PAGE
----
Announcing the latest measure aimed at speeding up global vaccination, European Commission President Ursula von der Leyen called it an “investment in solidarity and it is an investment also in global health.”
She said: “Our first and most urgent priority is to speed up global vaccination.
“With less than 1 per cent of global doses administered to lower income countries, the scale of injustice and the level of urgency is obvious.” She said that on top of delivering 700 million doses to Europeans, the 27-nation bloc had also sent as many to a combined 130 nations.
Staff shortages threaten French hospitals as vaccine deadline arrives
Some French hospitals fear staff shortages could add to their strain as the deadline for all staff to get their first vaccine dose arrives today.
Vaccinations for medical care, home care and emergency workers in France were made mandatory over the summer, with those who miss the deadline facing suspension from their jobs.
If health care workers have had only one dose, they have to take a virus test every three days until they have completed the second one. The deadline for both jabs is October 15.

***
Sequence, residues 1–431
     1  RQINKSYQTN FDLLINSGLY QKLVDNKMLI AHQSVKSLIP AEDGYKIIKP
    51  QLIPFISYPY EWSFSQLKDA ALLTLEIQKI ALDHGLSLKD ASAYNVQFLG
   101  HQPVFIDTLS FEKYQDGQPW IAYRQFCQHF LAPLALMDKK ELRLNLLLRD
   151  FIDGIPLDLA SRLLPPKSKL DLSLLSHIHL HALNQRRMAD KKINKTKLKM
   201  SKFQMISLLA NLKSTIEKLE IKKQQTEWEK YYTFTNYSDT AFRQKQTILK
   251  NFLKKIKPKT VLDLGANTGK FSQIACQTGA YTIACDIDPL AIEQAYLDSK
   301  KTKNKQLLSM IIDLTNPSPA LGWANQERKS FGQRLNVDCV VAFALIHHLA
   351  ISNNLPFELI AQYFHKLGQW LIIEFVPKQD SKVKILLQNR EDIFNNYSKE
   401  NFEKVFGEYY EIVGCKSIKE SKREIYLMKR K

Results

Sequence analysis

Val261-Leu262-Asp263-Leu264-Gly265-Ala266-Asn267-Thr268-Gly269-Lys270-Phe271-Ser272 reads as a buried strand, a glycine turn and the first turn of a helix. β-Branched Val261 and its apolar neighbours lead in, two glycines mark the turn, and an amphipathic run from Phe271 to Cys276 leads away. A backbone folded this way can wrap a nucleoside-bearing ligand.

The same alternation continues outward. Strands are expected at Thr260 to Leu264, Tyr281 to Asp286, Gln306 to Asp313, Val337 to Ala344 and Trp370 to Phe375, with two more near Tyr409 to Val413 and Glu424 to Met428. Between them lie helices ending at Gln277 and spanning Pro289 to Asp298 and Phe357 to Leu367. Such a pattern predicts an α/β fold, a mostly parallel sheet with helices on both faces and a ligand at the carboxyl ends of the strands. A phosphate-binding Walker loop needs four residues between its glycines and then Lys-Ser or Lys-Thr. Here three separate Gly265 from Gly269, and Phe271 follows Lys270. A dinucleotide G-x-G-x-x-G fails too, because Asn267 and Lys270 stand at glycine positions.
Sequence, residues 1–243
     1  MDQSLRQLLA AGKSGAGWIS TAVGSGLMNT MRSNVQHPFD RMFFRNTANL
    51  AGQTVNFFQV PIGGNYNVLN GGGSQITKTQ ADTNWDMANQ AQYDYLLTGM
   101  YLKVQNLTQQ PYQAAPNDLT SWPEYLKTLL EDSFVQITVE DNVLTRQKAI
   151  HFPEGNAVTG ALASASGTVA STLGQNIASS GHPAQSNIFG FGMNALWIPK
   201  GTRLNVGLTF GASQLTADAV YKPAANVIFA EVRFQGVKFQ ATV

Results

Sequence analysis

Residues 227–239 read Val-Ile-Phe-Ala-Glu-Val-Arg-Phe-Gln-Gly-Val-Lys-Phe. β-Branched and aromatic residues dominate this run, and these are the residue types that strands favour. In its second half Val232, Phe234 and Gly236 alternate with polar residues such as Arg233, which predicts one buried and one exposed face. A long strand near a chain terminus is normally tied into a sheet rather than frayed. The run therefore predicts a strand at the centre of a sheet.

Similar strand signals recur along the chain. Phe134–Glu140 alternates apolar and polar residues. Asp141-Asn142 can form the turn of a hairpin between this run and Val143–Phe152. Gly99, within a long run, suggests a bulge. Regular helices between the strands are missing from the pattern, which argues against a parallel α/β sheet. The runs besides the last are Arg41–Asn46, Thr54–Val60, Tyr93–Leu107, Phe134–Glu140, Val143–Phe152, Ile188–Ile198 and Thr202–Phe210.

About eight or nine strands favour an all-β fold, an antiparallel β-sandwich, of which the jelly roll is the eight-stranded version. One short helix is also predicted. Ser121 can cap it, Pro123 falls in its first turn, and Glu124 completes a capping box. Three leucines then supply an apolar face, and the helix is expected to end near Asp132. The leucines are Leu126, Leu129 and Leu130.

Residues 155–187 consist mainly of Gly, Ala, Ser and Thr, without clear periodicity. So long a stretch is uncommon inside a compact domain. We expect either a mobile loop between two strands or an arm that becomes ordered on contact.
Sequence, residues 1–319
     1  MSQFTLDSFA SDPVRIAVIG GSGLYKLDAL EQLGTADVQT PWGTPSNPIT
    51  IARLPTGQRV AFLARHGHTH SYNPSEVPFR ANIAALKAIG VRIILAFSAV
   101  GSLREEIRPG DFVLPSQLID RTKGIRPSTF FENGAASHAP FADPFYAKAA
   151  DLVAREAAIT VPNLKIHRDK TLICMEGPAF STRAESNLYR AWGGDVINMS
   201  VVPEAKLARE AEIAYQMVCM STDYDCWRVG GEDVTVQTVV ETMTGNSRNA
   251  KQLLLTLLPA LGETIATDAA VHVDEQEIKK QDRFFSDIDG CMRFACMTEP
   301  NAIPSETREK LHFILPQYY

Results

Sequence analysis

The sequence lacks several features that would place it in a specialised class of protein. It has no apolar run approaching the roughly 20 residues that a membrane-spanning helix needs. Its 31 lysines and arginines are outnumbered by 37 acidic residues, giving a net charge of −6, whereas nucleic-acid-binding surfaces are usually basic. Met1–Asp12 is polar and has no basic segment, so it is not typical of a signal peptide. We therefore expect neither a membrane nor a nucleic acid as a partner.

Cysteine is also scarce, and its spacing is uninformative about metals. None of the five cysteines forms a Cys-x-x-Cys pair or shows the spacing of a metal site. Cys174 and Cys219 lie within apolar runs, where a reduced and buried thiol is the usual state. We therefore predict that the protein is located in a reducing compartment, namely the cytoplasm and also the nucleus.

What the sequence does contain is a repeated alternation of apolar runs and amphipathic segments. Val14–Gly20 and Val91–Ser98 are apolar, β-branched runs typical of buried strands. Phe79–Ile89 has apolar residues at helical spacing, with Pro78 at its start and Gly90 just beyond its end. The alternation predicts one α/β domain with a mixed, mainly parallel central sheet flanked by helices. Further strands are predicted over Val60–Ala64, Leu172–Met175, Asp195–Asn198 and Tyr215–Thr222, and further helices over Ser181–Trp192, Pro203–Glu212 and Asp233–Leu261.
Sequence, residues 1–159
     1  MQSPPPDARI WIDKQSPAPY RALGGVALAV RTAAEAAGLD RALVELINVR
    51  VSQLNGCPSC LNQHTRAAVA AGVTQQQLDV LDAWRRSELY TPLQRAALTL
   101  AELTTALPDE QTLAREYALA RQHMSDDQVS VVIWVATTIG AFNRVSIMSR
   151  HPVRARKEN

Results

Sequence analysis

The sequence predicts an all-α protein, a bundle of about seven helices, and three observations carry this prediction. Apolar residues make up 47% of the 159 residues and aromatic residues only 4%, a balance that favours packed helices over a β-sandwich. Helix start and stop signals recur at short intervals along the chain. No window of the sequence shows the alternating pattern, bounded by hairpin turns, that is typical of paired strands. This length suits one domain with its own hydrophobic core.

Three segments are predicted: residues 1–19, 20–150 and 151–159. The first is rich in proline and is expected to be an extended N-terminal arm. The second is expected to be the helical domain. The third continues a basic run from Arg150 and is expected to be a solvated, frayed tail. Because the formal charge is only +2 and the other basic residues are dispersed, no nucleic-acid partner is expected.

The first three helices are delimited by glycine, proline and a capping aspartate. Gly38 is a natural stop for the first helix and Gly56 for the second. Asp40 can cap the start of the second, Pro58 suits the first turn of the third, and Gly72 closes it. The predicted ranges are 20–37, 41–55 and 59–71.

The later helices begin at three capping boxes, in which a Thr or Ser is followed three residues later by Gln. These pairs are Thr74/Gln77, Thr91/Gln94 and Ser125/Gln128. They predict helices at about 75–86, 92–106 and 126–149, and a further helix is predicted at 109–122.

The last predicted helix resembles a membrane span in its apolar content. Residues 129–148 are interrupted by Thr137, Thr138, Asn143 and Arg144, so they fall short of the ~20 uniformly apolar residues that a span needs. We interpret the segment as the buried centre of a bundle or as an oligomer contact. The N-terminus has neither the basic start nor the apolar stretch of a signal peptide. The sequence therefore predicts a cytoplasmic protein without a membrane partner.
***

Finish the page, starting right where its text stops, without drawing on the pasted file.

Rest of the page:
Approximately 90 per cent of healthcare workers have been vaccinated in the country, with some 300,000 still unvaccinated.
But staff shortages are causing some to worry that France’s hospitals could face even more strain. Speaking at a protest outside the Health Ministry yesterday, Christophe Prudhomme, an emergency room doctor and CGT union member, said: “We are raising the alarm … if you insist on implementing this measure your beds will be closed, thus reducing chances (of survival) for a number of patients.”
Scots urged to “think twice” before calling ambulance as NHS facing “extremely challenging winter”